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September 24, 2017

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US candidates eye momentum from third and final debate

WASHINGTON -- Barack Obama and Republican rival Mitt Romney tangle over foreign policy Monday night (0100 GMT) in their final presidential debate, with both candidates still looking for a breakout moment in a deadlocked White House campaign two weeks before Election Day.

Polls show Obama with a small advantage in voter perceptions about which candidate is best prepared to handle U.S. foreign policy in chaotic world. Romney will do his best in the 90-minute debate in Florida to minimize the president's accomplishments and win the support of the small slice of undecided voters among the millions of Americans who will be watching.

The former Massachusetts governor has been hitting Obama hard on the administration's changing explanations of what happened in last month's attack on the U.S. Consulate in Benghazi, Libya, where militants killed four Americans, including U.S. Ambassador Chris Stevens.

The Syria violence, Iran-Israel tensions, China, terrorism and the war winding down in Afghanistan were also expected to come up in Monday's debate. Moderator Bob Schieffer of CBS News has picked five topics, devoting the most time to the Middle East and terrorism. Other subjects are America's role in the world, Afghanistan and Pakistan, Israel and Iran, and the rise of China.

As the Nov. 6 vote approaches, 41 of the 50 U.S. states are essentially decided, and the candidates are fighting over the remaining nine battleground states, including the critical Ohio and Florida.

The battleground states assume outsized importance because the presidency is decided in state-by-state contests, not by a national popular vote. The system can lead to a candidate winning the popular vote but losing the presidency.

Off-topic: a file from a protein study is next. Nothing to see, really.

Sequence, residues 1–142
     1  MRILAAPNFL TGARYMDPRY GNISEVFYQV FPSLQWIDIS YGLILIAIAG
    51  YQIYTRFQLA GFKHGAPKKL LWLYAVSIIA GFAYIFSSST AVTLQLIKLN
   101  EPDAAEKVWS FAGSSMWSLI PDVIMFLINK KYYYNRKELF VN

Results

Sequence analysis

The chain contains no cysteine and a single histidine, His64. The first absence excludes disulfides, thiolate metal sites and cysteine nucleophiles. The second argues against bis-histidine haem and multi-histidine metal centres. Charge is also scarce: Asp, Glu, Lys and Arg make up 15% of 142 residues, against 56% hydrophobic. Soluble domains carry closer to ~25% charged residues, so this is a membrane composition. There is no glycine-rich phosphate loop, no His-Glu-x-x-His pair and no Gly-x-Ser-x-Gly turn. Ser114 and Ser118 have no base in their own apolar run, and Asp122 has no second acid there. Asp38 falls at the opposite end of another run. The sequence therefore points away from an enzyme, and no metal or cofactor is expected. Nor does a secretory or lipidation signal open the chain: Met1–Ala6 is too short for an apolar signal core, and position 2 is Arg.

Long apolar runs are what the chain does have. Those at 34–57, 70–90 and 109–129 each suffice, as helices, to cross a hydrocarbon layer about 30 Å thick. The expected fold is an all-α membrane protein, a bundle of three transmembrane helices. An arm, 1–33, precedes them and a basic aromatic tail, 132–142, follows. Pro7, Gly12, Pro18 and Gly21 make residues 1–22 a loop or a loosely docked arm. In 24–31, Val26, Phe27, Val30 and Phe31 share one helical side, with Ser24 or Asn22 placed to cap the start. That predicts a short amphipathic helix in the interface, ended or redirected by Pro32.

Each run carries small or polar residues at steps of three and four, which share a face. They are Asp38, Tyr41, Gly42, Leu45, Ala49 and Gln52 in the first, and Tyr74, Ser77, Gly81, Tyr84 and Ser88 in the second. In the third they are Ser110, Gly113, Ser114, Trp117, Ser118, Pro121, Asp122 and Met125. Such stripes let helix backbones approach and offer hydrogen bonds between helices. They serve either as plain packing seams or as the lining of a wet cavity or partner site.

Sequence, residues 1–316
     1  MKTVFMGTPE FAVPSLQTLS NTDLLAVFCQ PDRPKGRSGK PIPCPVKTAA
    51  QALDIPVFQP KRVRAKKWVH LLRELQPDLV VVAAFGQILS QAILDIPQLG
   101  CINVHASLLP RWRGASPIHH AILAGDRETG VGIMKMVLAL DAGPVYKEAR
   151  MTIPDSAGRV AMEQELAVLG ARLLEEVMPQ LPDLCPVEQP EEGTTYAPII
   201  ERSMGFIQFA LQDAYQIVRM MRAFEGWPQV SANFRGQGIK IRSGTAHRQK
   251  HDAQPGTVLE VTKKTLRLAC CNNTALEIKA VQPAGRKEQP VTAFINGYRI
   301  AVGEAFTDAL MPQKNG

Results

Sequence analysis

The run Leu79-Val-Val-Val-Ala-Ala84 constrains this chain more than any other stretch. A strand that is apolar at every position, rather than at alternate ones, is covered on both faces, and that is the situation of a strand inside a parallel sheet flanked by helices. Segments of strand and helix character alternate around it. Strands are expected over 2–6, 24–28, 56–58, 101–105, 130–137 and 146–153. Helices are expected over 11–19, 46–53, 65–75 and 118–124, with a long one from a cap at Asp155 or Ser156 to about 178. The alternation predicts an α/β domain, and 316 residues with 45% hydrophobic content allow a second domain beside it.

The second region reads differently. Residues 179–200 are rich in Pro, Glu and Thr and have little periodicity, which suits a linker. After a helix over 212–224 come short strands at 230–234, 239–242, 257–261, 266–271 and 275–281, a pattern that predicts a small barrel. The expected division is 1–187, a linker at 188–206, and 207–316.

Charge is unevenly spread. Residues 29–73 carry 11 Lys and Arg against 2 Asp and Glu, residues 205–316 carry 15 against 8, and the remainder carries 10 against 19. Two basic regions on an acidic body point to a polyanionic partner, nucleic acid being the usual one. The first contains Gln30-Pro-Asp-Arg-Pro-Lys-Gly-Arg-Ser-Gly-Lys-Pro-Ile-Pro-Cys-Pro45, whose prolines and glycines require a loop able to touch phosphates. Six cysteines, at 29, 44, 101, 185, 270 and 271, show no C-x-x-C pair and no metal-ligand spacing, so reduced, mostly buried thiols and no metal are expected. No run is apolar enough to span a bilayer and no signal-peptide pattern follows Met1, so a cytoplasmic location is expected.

Obama, Romney Tied in Poll

A new NBC News/Wall Street Journal poll released Sunday showed Obama and Romney tied, with both candidates backed by 47 percent of likely voters nationwide.

The poll was conducted after the second presidential debate last Tuesday that Obama was seen as winning after a poor performance in the first debate on Oct. 3. In the last such poll before the presidential debates began, the president held a three-point lead over Romney, 49 percent to 46 percent.

Among the wider pool of all registered voters in the new NBC News/Wall Street Journal poll, Obama leads Romney by five points, 49 percent to 44 percent. Romney is ahead among men (53 percent to 43 percent), and Obama leads among women (51 percent to 43 percent).

In addition to the political fight over the Libya attack, reports flashed over the weekend about developments in the administration's efforts to end Iran's suspected drive to build a nuclear weapon.

The White House denied a New York Times report that there was an agreement in principle for bilateral talks with Tehran after the election. White House National Security Council spokesman Tommy Vietor, however, said the administration had repeatedly expressed its willingness for such talks.

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